27 Sep 1 Week in the Pacific Northwest
Place: Pacific Northwest (Portland, Oregon/Washington Coast, Olympic National Park, Seattle)
When: First Week of September
The Best Parts **
Note: We flew to Seattle instead of Portland because it was way cheaper, rented a car at the airport, and drove straight to Portlandia from there.
Check in at your Airbnb. We loved this little cottage ($73/night) walking distance from Mississippi Ave. If you have more time in Portland than we did, we also highly recommend staying at the Kennedy School. It’s the coolest. Shout out to our McMenamin friends! Take a bus downtown to explore the Pearl District. IF you want to take advantage of the legal marijuana thing on this trip, visit a dispensary in town. Be sure to buy a weed chocolate bar and save it for later (you’ll see). Hitch a ride back to your place, get ready for the evening, and walk to StormBreaker Brewing at the end of Mississippi Ave. From there, bar hop and snack your way all the way down this hip street.**
Rest your head: at your Airbnb.
Tuesday: Multnomah Falls & Hood River
In the morning, visualize yourself miraculously snagging a seat at the Tasty ‘N’ Sons bar. Ask the universe hard enough and you shall receive. If they have the fried chicken biscuit breakfast sandwich on the menu, do not fight it.** Make the 45-minute drive to Multnomah Falls to hike around a bit and take your classic horizontal pic of the waterfall. It really is breathtaking and worth the trip. Then head another 30 minutes east to Hood River for the best tomato soup ever (and great brews) at PFRIEM Family Brewers. Hood River has a small collection of other bars and restaurants. Hitch it back home, then to Pok Pok in the Southeast District. Note: when things on the menu say they’re spicy, they’re effing spicy. After dinner, bar hop around the area until you’re ready to tuck yourself in.
Rest your head: at the same Airbnb.
Wednesday: Drive to Olympic National Park
Rise and shine and make the four-hour drive across state lines, through epic forests, into Olympic National Park. If there’s still plenty of daylight, make a stop at Ruby Beach. ** You can also do this on your way up to Second Beach the next day.
There’s no camping allowed at Ruby Beach, but you can tent camp at a number of campgrounds on the water in Forks. We stayed at Kaloch, where you can make a reservation. You can also camp off the coastline closer to the Hoh Rainforest to save yourself the extra driving, but we wanted to spend as much time on the coast as possible. Note: Make sure you have cash on you to pay for your camping in an envelope at the campground the old school way. Pitch your tent, settle in, have some grub, and toast up the best s’mores of your life with that weed chocolate you bought in Portland for dessert. You’re welcome.
Rest your head: in your tent, happy as a clam.
Thursday: Hoh Rainforest & Second Beach
Break down camp early and drive an hour to the Hoh Rainforest. There are trails for every level at Hoh ranging from a short, flat loop to a full 10.6-mile hike on the Hoh River Trail. The Hoh is truly magical. You will be dazzled by the majestic trees, brilliantly colored mushrooms and encounters with wildlife.**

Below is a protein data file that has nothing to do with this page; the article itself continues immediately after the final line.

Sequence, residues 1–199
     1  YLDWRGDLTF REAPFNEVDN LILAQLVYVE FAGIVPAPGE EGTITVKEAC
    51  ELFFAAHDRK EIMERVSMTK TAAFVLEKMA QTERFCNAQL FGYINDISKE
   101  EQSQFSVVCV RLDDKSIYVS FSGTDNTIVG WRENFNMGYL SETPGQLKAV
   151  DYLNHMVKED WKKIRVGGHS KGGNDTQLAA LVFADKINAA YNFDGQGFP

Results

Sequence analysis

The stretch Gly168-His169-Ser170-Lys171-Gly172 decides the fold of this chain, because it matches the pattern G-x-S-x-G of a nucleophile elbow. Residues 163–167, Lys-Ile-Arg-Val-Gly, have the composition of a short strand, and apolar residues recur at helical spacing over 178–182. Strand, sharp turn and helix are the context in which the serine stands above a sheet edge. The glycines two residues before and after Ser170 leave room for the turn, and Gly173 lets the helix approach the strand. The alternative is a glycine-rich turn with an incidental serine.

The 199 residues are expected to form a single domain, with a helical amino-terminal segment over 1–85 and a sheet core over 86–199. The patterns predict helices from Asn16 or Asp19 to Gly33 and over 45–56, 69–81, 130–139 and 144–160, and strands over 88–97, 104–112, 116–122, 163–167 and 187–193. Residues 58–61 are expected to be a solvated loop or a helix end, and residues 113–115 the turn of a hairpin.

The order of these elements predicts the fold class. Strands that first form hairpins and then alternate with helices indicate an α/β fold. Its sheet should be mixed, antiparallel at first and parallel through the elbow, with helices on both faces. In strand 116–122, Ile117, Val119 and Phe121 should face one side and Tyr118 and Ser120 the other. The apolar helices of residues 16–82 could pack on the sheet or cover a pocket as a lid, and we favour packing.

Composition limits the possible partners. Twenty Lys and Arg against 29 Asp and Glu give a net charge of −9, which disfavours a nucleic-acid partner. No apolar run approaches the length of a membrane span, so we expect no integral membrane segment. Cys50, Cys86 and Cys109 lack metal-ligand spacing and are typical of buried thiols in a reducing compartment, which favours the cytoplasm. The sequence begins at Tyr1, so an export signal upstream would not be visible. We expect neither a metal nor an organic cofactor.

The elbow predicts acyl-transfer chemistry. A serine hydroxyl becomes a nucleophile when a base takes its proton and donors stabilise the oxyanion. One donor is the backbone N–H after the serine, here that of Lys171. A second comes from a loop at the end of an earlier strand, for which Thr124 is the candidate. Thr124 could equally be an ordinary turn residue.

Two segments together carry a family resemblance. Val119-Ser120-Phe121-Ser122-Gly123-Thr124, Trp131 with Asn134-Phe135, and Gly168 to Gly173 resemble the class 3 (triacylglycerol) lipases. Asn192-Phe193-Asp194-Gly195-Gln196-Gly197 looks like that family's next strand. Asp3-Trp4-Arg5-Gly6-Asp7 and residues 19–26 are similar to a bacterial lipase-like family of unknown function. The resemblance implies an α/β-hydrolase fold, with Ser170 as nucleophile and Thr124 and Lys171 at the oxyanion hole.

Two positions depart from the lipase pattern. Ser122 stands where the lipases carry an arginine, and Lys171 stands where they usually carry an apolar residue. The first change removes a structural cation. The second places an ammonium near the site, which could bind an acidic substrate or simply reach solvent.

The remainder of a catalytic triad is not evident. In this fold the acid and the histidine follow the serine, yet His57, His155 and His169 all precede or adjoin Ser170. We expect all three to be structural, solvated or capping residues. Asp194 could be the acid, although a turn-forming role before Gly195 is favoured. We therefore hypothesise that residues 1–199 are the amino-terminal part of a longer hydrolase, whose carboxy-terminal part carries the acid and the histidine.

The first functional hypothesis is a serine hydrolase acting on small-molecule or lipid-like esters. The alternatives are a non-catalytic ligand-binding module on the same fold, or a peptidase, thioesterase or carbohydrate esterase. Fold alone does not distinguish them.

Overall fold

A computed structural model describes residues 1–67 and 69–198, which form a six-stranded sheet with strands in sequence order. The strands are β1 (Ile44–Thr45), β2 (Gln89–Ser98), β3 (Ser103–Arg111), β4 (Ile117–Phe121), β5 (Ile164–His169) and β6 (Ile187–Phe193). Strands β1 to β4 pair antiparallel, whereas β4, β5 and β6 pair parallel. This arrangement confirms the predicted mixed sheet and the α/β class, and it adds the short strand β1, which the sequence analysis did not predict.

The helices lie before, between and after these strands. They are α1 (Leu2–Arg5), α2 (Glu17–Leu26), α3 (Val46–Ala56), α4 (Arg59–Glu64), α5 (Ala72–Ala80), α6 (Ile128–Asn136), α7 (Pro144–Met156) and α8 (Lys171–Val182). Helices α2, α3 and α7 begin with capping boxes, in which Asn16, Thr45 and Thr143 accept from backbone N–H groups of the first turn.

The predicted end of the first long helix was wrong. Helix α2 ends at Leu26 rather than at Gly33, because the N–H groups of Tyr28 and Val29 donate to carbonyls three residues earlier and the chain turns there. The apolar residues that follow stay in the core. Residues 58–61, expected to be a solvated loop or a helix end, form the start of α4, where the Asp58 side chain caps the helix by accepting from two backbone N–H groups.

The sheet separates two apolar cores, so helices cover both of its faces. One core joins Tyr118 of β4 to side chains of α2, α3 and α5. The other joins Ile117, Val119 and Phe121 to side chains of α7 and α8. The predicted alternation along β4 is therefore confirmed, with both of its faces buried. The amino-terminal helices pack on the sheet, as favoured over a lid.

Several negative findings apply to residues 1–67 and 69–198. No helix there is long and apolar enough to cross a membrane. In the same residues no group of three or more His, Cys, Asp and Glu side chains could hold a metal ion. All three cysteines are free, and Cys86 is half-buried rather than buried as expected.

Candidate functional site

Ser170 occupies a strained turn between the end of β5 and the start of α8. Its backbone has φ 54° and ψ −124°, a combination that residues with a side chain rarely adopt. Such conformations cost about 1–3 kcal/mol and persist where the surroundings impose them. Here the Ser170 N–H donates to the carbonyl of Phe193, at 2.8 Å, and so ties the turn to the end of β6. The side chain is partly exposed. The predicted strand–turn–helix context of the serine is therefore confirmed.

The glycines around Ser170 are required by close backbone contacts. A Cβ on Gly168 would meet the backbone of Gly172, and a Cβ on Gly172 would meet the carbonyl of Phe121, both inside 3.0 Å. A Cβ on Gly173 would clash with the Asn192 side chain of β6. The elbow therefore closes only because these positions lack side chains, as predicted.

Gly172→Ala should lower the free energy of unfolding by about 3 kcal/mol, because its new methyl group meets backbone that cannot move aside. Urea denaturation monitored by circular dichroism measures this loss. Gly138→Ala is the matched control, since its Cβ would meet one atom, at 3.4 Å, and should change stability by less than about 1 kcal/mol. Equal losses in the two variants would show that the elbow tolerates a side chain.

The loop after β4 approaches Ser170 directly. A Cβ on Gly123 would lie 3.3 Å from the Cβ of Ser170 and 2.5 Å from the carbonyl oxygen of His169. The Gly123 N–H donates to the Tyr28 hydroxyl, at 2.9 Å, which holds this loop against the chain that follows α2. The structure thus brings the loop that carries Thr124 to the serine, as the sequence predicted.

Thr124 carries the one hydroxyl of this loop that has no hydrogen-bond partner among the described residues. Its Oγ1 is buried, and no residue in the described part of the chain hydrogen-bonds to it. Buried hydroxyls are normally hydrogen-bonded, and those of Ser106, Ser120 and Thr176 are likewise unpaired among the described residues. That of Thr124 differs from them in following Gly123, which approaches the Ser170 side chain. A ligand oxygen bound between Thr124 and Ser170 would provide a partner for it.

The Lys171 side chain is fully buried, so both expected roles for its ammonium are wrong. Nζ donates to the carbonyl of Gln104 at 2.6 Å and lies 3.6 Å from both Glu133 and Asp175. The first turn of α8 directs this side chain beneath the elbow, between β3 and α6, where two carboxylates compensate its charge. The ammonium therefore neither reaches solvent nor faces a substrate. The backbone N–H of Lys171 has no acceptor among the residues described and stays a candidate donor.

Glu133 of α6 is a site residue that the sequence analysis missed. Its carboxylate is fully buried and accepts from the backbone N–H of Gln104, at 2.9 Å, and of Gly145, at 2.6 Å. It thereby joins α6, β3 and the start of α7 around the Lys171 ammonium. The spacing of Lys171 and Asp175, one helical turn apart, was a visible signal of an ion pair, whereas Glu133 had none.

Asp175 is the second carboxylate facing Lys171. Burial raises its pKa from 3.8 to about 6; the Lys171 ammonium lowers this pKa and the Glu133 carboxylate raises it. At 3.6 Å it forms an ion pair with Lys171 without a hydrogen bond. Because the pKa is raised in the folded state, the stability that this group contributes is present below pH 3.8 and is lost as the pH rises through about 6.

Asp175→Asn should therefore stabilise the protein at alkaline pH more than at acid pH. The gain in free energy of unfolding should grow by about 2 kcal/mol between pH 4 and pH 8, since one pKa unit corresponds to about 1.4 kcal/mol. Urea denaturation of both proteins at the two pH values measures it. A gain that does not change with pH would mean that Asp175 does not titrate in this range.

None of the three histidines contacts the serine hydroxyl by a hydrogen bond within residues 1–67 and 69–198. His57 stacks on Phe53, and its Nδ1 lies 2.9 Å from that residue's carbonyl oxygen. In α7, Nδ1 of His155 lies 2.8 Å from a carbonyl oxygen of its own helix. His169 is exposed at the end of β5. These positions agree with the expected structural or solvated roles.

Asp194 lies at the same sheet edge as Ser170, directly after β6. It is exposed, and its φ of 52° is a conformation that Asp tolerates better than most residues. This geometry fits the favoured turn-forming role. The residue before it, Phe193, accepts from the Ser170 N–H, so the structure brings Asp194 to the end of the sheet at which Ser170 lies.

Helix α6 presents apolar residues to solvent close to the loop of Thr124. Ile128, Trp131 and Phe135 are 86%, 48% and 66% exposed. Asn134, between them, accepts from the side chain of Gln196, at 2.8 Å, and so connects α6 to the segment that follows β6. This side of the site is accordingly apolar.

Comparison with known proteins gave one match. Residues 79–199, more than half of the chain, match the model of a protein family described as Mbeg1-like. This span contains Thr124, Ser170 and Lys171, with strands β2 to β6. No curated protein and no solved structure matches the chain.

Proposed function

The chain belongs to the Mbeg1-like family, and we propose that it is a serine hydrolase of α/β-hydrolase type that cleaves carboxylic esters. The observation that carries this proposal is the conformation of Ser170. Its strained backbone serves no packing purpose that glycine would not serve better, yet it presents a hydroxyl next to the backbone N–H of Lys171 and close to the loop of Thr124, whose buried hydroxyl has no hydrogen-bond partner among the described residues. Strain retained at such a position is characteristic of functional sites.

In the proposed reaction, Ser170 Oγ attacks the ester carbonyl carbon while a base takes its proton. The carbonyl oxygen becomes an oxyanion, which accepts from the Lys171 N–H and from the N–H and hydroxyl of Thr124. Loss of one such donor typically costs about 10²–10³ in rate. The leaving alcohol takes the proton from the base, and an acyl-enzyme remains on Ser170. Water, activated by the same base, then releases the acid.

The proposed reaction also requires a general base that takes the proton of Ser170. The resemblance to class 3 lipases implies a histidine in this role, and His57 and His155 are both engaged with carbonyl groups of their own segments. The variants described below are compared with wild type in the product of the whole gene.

From the Hoh, it’s an hour and a half drive back out to Second Beach. You’ll be hiking about a mile down to the beach from the road, so pack wisely! Note: Don’t forget to bring a bear canister down to the beach. Fill it with other items and strap it or stick it in your backpack for the hike in. You don’t need to reserve a spot to camp on Second Beach. Just show up and seek out the perfect nook. Be sure to get there well before sunset so you can set up shop and enjoy the magic.**
Rest your head: in your tent and fall asleep to the waves. Your white noise machine will never do it for you again.
Friday: Overnight Dungeness / Royal Basin Hike
Say farewell to Second Beach and drive three hours to the Dungeness Trailhead. Get packed and get trekking. This was our first overnight hike and it was the perfect level of difficulty for us. The top stretch to the Royal Basin is challenging, but those who call it quits before then will still be completely fulfilled. The trail is seven miles to the summit and a mile and a half back to the Lower Royal Meadow where we camped.
You can camp at multiple points along the trail, but we recommend camping at Lower Royal Meadow for a shorter hike out the next day. Note: The water is not drinkable in Olympic, so make sure you bring a filter. Also, we were VERY cold at night, even with proper sleeping bags and long johns. Make sure you bring a sleeping bag that keeps you warm down to 20 degrees F and don’t skimp on packing warm clothes. Heat packs for our hands and feet came in clutch.
Rest your head: In your tent and force yourself to get up and out in the middle of the night if it’s clear. These were some of the best stars we’ve ever seen.**
Saturday: Hike Back & Drive to Seattle
If you camp at Lower Royal Meadow it’s a five and a half mile hike out. We were back to the car by noon and on our way to Bainbridge Island (a three-hour drive). Take the ferry from Bainbridge into downtown Seattle and let the Pacific breeze make you feel somewhat refreshed, no matter how bad you smell at this point.
We stayed with a friend in Capitol Hill, but there are Airbnbs in the area for $80-100/night. Once you’ve settled in and showered (hallelujah) head over to Pike Place for the market experience of your life. We’re snobby New Englanders and still can’t help but admit that Pike Place Chowder is out of this world and worth the wait.** Hop around Capitol Hill for the night, beginning at the Starbucks Reserve Roastery AKA Santa’s caffeine workshop. Then head to Rachel’s Ginger Beer for frozen ginger beer cocktails, and up to either or both of the carnival-themed bars Unicorn & Narwhal.
Rest your head: At your Airbnb.
Sunday: Travel home